If there is a better writer of the Romance genre than Abigail Reynolds, I have yet to find that writer. Whether it is spinning "what if" stories off Jane Austen's beloved "Pride and Prejudice," at which she is unequalled, or taking her readers to today's political-scientific world that revolves around the Massachusetts Bay area with "The Man Who Loved Pride and Prejudice" and "Morning Light," she is unequalled in the craft of romantic story telling. In "Morning Light" her readers are introduced to Anne, who runs an Art Gallery and Jeremy,a D.C. based environmental lobbyist and the best friend in college of Anne's deceased husband Paul. The two, who had met ten years earlier on the night before Anne's wedding to Paul, and again two years later when Jeremy spent two days at Anne and Paul's apartment in New York where the Art World had just begun to recognize Paul's genius. On both occasions, Anne and Jeremy experienced an instant and deeply felt attraction to each other but honor and loyalty prevent either from acting upon or revealing to the other their feelings at these times. When the story opens Anne and Jeremy meet accidentally on the Bay, and after learning that Anne is now a widow, Jeremy seeks her out and the dinner they share to "catch up" with each other quickly turns into a torrid three-day affair. Reality sets in when Jeremy returns to work and Anne learns of Jeremy's engagment to be married in a mere two weeks. The disappointments, misunderstandings and soul-searching that follows in the several months that follow before the couple are reunited comprise the masterful story-telling at which Ms. Reynolds excels and the integration of some of the most interesting characters from The Man Who Loved Pride & Prejudice adds a dimension for her followers even though the work stands on its own. "Morning Light" was indeed a "Reader's Delight"
6 of 6 people found the following review helpful
4.0 out of 5 stars Art is the metaphor behind a beautiful love story 29 May 2011
By C.S.R. Amazon Reviewer - Published on Amazon.com
Format:Kindle Edition|Verified Purchase
With the strong symbolism of art as a backdrop to this gentle modern romance, Abigail Reynolds treats us again to her bold descriptive prose, as well as narration and dialogue that move the story along well. This book is a sequel to The Man Who Loved Pride and Prejudice that stands up to the high quality of the previous novel.

It is a great tribute to the author that she manages to make a deceased person with many flaws into a likeable major character, and she does so with Paul. Paul's art piece called Troika was a metaphor for the relationship between Paul, Annie, and Jeremy. It made a bold statement, and was well-described visually. Annie's poignant pair of works depicting Jeremy in the morning light when their romance seemed simple and content, and then herself in despair in the same setting, was also wonderfully descriptive in so many ways.

Annie and Jeremy's longtime mutual attraction through the period where Annie was married to Paul is shown through a flashback early in the novel. Once they met again, they have the typical romance novel lapses in communication. They each misunderstand the other's intentions, in spite of a long-enduring love. While there is definitely sexual content, we need no convincing that they are deeply in love. The one criticism I have about this novel is that although there are multiple scenes of heartaches in the first half of the book, the hero and heroine resolve all their issues rather easily by 60% through the story. This results in much lower level of angst in comparison to that of Cassie and Calder in the previous book.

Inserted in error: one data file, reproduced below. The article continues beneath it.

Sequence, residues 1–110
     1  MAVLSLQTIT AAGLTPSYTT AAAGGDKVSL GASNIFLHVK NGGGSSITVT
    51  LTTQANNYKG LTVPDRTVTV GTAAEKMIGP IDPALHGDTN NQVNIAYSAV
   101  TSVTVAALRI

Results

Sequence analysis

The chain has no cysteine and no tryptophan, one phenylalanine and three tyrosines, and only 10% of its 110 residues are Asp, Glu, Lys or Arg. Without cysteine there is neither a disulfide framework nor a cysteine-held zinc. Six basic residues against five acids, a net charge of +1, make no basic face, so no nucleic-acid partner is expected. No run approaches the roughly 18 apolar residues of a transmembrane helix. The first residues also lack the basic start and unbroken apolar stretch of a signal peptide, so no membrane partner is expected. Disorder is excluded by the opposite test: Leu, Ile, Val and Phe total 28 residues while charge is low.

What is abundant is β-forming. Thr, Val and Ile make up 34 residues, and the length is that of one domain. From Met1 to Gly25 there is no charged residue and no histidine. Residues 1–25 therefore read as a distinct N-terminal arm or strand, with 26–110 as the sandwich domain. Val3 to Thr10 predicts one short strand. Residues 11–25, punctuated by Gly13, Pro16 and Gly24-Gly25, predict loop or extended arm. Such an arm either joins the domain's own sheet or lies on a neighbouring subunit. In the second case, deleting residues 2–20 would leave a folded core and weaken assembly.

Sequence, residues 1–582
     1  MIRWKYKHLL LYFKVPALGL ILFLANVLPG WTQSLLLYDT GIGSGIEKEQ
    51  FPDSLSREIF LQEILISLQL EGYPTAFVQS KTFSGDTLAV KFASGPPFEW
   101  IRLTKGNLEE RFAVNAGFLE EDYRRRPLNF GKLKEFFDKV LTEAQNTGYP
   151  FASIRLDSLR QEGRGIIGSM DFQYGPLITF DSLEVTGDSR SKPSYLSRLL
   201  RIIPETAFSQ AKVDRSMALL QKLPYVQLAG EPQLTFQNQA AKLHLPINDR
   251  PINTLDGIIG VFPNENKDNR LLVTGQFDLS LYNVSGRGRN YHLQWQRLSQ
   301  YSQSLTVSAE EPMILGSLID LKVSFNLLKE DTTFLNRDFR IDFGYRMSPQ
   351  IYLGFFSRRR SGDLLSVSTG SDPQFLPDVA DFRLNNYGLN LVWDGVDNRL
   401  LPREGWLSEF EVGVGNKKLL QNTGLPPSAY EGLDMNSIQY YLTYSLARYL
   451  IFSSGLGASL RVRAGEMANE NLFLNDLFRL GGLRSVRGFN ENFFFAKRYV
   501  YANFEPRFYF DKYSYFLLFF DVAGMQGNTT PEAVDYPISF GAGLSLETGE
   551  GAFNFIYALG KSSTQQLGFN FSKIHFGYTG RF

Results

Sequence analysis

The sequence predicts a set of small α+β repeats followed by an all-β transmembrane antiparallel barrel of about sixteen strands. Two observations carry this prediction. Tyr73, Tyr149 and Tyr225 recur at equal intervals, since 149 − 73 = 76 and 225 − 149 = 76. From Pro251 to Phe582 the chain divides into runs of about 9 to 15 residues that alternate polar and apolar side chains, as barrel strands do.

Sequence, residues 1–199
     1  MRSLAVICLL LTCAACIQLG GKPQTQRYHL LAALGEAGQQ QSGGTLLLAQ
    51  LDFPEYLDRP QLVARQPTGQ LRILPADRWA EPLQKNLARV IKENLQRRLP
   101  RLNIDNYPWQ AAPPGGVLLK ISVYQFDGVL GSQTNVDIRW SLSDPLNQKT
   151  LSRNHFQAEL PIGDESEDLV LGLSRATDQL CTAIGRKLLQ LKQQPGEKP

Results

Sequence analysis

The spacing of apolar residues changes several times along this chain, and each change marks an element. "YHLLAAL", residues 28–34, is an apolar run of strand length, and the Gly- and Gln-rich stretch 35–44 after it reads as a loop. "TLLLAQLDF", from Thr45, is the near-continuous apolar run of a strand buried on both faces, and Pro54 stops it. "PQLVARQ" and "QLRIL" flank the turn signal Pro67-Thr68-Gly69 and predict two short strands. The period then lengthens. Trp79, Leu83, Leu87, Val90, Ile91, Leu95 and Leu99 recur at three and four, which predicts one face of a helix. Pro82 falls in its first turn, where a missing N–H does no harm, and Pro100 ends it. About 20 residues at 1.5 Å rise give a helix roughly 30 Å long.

The backstory with Calder and Cassie from The Man Who Loved Pride and Prejudice was tied into the main story with themes of art, small-town friendships, pet rescue projects, and parenthood. There was no villain this time; Senator Westing makes an appearance but he is more human this time. You can tell that Abigail Reynolds loves Cassie and Calder in the way she keeps them true to the characterizations she has developed before; these are her friends.

I have read elsewhere that this novel is a modern retelling of Jane Austen's Persuasion, but I would disagree. Her main characters, Annie and Jeremy, are split up for many years, but this story starts at their reconciliation where Persuasion ends with the reconciliation. No big deal, because this story is original and stands very well on its own.
4 of 4 people found the following review helpful
4.0 out of 5 stars Chocked full of complex themes that rival any Nicholas Sparks novel. 18 July 2011
By Christina Boyd @xtnaboyd - Published on Amazon.com
Format:Paperback
Abigail Reynold's latest self-published offering, Morning Light, is all about second chances, (maybe even thirds). Escaping complicated city life, and all the muddled baggage that it entails, widow Annie Wright is finally living her dream of running her own art gallery on Cape Cod and free of any male persuasion. The locals let her keep her past life private, especially the details of her famous husband's death, and that is how she likes it. Then one day, her past in the form of her dead husband's college friend Jeremy, walks back into her present, setting Annie's life into a whirlwind... or tailspin.

Annie first met Jeremy ten years prior on the eve of her wedding to Paul. Even though they felt an instant, almost cosmic connection, once Jeremy realized who the bride was, they did NOT act on their feelings. Rather than see Annie married to someone else, Jeremy left the country - and and walked out of her life.